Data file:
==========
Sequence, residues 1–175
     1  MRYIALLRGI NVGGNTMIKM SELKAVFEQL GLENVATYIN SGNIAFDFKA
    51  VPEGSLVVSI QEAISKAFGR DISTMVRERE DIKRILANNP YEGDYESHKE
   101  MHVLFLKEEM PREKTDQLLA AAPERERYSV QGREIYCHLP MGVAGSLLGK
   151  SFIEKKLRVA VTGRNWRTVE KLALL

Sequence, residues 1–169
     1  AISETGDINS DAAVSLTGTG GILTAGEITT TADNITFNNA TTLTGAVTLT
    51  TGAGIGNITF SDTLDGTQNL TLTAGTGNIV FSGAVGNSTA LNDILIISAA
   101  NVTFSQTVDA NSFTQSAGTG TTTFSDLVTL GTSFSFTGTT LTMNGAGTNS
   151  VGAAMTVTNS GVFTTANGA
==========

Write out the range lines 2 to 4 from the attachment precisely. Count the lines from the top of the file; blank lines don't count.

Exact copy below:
     1  MRYIALLRGI NVGGNTMIKM SELKAVFEQL GLENVATYIN SGNIAFDFKA
    51  VPEGSLVVSI QEAISKAFGR DISTMVRERE DIKRILANNP YEGDYESHKE
   101  MHVLFLKEEM PREKTDQLLA AAPERERYSV QGREIYCHLP MGVAGSLLGK